The military’s effort to combat sexual assault in its ranks has been handicapped by the reluctance, even refusal, of victims to come forward and report abuse. Who can blame them, given instances in which those who are supposed to be leading the fight against abuse are sometimes themselves guilty of misconduct?

If there ever is to be real progress, sexual assault crimes need to be removed from a chain of command that is more inclined to protect than prosecute wrongdoers.

A recent investigation by The Washington Post’s Craig Whitlock uncovered a series of previously undisclosed cases in which soldiers with key roles in the fight against sexual misconduct were accused of using their authority to victimize women under their command.

The leader of an Army training institute dedicated to prevention of discrimination and sexual misconduct was accused by seven female employees of inappropriate touching. An Army commander was promoted even as he faced court-martial for sexually harassing and assaulting a female lieutenant on his staff.

The cases call into question how seriously the military takes the fight against sexual assaults. Poor judgment was shown in entrusting responsibilities to prevent and fight sexual abuse, and sexual misbehavior was not treated as a serious offense.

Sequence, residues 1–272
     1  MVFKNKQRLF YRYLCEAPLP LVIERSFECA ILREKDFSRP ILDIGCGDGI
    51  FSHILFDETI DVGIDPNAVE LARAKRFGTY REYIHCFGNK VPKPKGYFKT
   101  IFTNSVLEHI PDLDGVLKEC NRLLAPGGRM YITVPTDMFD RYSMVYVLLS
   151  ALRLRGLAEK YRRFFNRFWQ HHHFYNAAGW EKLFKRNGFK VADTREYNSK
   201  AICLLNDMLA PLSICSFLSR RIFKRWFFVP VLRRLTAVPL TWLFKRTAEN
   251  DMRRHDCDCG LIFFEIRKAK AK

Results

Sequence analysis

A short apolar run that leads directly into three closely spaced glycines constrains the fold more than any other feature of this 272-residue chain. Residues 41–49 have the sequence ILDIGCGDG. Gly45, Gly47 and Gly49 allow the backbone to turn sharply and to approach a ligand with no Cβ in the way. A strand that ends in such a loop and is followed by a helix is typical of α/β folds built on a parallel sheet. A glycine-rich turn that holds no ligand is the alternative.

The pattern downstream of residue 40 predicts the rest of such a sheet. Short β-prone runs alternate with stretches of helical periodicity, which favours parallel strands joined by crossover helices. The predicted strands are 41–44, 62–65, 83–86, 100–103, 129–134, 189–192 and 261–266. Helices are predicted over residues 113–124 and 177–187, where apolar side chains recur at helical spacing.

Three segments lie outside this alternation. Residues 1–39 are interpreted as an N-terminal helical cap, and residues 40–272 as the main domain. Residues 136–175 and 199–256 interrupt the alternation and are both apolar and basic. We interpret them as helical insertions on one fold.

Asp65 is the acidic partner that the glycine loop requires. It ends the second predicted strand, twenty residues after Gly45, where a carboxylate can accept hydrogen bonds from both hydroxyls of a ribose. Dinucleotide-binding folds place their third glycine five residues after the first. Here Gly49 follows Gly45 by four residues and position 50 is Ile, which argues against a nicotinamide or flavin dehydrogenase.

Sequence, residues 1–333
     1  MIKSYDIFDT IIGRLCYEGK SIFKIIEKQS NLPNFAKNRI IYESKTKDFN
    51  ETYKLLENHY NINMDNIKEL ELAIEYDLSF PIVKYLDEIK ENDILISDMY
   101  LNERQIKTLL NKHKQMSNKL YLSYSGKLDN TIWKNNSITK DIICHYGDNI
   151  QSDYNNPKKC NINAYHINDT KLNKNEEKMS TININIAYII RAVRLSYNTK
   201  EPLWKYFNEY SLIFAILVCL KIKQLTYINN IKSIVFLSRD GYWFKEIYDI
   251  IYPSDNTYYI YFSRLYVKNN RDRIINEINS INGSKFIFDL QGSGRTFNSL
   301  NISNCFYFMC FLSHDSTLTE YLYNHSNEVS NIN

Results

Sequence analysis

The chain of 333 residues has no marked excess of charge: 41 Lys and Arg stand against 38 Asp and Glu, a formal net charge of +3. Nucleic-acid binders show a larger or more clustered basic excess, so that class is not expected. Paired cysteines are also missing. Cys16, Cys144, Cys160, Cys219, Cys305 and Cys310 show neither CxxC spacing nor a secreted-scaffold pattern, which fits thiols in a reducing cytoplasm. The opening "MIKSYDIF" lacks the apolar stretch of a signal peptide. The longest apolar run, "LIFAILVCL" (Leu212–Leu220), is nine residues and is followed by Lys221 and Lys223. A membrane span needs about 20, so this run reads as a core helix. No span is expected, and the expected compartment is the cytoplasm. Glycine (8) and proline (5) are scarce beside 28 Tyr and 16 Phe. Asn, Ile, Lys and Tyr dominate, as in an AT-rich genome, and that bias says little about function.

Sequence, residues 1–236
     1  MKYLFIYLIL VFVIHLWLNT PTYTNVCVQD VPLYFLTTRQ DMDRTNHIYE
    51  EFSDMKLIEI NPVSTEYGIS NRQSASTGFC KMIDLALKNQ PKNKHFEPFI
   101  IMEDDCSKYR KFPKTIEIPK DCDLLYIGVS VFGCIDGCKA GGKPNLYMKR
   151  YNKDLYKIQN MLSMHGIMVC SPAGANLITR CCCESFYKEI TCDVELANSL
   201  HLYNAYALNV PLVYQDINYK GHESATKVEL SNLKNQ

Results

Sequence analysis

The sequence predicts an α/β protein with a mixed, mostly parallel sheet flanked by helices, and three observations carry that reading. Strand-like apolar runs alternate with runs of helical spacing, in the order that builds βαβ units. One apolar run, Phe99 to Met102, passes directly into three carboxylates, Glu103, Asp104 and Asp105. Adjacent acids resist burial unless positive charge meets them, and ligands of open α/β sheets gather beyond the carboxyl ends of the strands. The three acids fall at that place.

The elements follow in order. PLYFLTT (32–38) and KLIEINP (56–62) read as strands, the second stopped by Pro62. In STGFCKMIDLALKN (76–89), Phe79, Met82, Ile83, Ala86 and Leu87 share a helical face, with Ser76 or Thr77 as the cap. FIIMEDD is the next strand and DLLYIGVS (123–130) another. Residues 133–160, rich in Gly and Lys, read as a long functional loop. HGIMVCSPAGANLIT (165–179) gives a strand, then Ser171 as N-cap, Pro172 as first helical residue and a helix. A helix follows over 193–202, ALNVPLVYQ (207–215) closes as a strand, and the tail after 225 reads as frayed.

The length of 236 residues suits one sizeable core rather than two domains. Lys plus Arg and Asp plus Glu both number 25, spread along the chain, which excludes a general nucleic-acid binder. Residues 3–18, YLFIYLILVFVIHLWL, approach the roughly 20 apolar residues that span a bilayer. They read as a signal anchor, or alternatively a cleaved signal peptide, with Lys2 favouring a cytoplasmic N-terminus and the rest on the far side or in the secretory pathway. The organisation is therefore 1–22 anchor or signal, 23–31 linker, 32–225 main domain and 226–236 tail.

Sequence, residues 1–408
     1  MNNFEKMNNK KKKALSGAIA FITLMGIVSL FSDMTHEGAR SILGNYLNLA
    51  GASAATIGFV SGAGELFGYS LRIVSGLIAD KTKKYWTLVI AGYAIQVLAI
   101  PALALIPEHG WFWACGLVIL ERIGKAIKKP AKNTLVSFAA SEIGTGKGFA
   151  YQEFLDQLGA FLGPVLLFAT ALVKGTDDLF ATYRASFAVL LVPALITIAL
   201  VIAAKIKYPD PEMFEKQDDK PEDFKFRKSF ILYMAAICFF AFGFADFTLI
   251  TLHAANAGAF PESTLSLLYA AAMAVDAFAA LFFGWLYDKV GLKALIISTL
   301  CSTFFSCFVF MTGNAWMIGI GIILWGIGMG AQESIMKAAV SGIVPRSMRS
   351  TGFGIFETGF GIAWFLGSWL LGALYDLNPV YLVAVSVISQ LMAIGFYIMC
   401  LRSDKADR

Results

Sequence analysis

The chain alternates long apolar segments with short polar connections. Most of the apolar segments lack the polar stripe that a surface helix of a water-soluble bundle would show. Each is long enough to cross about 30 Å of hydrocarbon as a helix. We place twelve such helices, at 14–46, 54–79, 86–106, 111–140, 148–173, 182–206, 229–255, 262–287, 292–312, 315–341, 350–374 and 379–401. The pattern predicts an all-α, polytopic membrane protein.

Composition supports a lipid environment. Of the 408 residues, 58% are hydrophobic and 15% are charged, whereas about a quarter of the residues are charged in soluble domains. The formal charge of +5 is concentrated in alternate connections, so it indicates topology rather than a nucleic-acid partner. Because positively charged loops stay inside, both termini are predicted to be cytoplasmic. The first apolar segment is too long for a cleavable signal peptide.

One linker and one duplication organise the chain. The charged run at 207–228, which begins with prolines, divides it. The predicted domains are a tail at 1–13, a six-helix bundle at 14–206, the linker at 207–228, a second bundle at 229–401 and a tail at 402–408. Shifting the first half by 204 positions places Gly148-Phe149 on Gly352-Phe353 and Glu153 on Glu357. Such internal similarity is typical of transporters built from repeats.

“I am concerned about the message it sends to the victims and soldiers in the unit that he is still in a leadership position, not to mention the impact if the media caught wind,” was the pointed warning that went unheeded about letting the Army commander accused of assault maintain command responsibilities.

Recent years have seen a host of reforms, some spurred by Congress, to address what the Pentagon has acknowledged is a crisis of sexual harassment and worse. These include new legal resources for victims. Reports of sexual assaults are up, which officials say shows that victims are more willing to trust the system.

Many women, however, choose not to pursue charges all the way to trial. That’s in large measure because of the high number of women who say they faced retaliation for filing complaints. Taking sexual crimes out of the chain of command, as Sen. Kirsten Gillibrand, D-N.Y., advocates, would help fix that problem.

Independent units specially trained to deal with these issues would go a long way toward preventing debilitating scandals that undermine the military’s fight against sexual assault and its ability to accomplish its overall mission.

Editorial by The Washington Post


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